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'Bullets and bread': Ammo vending machines installed in grocery stores in these southern states

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TAMPA, Fla. (WFLA) — Vending machines can have a variety of goods, such as chips and drinks, but have you ever heard of a vending machine that dispenses ammunition?

It may sound like a device out of a video game, but American Rounds LLC, founded last summer, is leading the charge to make ammunition more accessible by setting up AI-automated vending machines at grocery stores across the South.

The Dallas-based company set up its first Automated Ammo Retail Machine at the Fresh Value Grocery Store in Pell City, Alabama, last November.

American Rounds CEO Grant Magers said the idea for the vending machines was to provide a safe way to sell ammunition.

The AARM in service (Photo courtesy of American Rounds LLC)

“Currently ammunition is sold off the shelf or online,” Magers said in a message to Nexstar’s WFLA. “These environments lead to inadvertent sales to underaged purchasers and or (in the case of retail stores) a high theft rate.”

To keep ammo sales safe, the AARMs are kept inside retail locations and use ID scanners along with facial recognition technology before a customer can purchase ammo. This keeps ammo out of the hands of minors or people who are using fake IDs.

However, the company is dedicated to protecting customers’ information and will not give out or sell their data, Magers said.

“The machines themselves weigh up to 2000 pounds and are well secured from theft,” he said. “As a company, our team are supporters of law-abiding responsible gun ownership. We believe in the Second Amendment and that providing a safe and secure method to sell ammunition is needed in the market. It maintains the integrity of the second amendment and reduces the opportunity for error in retail sales environments.”

Since setting up their first machine in Pell City, American Rounds has expanded to eight locations: the original in Alabama, four at Super C Marts in Oklahoma, and two at Lowes Markets in Canyon Lake, Texas.

Earlier this month in Tuscaloosa, Alabama, City Council President Kip Tyner questioned the ease with which people could purchase ammunition, despite the AI safeguards, according to the Tuscaloosa Thread. He reportedly added that his phone had been “blowing up” with calls from concerned residents.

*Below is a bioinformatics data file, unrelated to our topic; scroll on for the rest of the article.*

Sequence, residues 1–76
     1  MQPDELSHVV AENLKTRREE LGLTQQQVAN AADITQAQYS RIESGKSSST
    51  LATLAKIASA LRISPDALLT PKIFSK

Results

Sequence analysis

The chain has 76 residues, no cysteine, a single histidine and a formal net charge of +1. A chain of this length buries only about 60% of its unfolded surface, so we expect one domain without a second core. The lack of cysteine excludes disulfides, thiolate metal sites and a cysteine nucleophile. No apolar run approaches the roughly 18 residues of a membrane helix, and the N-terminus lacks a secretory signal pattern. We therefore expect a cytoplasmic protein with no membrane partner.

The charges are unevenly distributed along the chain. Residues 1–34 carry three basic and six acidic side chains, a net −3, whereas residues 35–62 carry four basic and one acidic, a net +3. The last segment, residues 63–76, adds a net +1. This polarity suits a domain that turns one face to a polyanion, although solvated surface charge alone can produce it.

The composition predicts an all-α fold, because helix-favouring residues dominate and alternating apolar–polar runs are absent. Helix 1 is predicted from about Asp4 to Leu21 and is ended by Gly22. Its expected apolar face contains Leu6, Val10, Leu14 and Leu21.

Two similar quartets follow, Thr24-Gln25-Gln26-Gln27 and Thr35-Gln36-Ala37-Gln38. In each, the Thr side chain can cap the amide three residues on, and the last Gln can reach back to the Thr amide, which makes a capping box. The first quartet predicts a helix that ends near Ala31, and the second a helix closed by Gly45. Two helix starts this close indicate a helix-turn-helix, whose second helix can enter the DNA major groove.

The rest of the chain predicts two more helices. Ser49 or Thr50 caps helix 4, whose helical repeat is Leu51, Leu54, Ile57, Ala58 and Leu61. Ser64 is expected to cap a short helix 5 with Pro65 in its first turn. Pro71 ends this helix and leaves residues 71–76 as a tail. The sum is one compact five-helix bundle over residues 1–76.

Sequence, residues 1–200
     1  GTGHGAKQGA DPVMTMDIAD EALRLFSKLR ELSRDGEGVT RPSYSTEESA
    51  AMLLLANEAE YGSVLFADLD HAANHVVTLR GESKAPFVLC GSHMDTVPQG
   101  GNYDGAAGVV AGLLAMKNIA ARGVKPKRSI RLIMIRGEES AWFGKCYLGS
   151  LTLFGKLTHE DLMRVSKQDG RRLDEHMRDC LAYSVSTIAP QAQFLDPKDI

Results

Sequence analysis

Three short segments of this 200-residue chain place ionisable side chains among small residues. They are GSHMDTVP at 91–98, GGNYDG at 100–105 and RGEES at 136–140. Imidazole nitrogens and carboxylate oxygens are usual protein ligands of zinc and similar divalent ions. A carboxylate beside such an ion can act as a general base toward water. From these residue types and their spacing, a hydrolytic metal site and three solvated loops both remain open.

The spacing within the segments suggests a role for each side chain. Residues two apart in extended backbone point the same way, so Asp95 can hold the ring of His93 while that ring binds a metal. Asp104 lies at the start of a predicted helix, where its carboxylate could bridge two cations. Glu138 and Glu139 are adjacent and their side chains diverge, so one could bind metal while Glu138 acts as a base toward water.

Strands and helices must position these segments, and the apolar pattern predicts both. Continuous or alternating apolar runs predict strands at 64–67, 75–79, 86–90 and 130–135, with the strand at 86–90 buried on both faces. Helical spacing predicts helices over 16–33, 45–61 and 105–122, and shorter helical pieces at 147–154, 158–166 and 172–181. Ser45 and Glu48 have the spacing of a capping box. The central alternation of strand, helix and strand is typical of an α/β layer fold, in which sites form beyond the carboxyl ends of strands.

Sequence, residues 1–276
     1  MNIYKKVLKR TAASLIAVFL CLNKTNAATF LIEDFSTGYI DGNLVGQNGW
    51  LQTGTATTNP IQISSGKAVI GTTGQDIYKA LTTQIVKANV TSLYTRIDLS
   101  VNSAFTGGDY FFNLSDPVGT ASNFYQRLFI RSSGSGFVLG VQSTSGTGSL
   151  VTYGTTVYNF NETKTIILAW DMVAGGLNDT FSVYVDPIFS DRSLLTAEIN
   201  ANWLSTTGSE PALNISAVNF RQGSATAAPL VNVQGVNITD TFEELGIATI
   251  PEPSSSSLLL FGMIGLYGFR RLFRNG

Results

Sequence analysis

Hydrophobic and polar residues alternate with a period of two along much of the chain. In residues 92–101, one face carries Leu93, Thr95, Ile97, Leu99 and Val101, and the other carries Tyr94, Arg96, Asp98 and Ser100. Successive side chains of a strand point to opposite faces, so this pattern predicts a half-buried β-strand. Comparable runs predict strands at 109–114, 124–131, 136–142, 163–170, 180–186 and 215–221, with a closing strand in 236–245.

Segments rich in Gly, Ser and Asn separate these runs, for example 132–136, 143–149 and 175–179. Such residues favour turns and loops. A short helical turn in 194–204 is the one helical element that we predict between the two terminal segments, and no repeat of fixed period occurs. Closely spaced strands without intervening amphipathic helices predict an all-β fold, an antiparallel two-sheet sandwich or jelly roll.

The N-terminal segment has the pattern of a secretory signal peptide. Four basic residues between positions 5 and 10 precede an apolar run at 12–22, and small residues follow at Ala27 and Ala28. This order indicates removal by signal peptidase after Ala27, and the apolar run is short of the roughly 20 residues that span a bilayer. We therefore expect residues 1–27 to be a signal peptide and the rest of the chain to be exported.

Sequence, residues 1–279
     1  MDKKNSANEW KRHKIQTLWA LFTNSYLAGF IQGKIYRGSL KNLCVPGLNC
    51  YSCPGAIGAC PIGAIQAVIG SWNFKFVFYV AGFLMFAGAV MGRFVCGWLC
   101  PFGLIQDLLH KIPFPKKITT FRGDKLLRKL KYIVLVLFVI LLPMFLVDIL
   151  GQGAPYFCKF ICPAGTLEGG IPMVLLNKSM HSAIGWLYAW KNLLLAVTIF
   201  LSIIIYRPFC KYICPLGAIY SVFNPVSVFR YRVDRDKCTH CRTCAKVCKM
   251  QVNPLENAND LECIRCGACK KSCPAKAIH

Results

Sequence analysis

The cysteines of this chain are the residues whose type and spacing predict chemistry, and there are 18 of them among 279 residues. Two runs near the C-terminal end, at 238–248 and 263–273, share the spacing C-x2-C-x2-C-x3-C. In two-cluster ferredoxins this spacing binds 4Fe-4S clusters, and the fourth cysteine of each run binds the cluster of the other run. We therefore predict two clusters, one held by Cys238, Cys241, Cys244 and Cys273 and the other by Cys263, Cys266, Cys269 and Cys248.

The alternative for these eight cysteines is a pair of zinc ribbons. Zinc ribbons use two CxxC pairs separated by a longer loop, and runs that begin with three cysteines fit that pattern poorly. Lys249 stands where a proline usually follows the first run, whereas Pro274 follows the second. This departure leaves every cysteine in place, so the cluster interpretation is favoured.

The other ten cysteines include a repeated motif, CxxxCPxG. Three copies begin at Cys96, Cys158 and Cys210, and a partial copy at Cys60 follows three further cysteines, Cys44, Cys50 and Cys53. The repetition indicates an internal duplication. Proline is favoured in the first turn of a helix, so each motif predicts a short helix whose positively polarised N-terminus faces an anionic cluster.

The vending machine was later removed from the Fresh Value Store, but Magers told the removal was “strictly a business decision” made because of low sales and added that more Alabama locations are already being planned.

ID scanners and facial recognition software aren’t enough to make the on-the-go bullet dispensaries safe, according to several groups working to fight gun violence.

“I want to be clear: Grocery stores that agree to host these vending machines are not only putting their customers and communities at risk,” Kris Brown, president of the Brady Center to Prevent Gun Violence, said in a statement. “They are also opening the door to criminal charges and legal liability.”

Others raised concerns that the machines would dole out ammo to convicted felons or domestic abusers.

George Tita, a professor of criminology, law and society at the University of California, Irvine, told NPR that he wasn’t sure that American Rounds was solving a problem that “wouldn’t be solved by responsible ownership of any facility selling ammunition.”

Tita added that human workers, unlike vending machines, can evaluate the mental and emotional state of a customer.

“A vending machine is not going to be able to say, ‘Hey are you okay?’ or ‘Why do you need this ammunition?'” Tita said.

According to Magers, American Rounds has gotten over 200 requests for the AARM for stores across nine states.

As for Florida, the CEO said he hopes to have the machines set up in the Sunshine State soon.

“Absolutely we would love to expand to Florida. We have received numerous requests,” Magers said. “Hopefully, we will have the opportunity to be a part of the great Florida community soon.”

Source: Fox 8 News Channel

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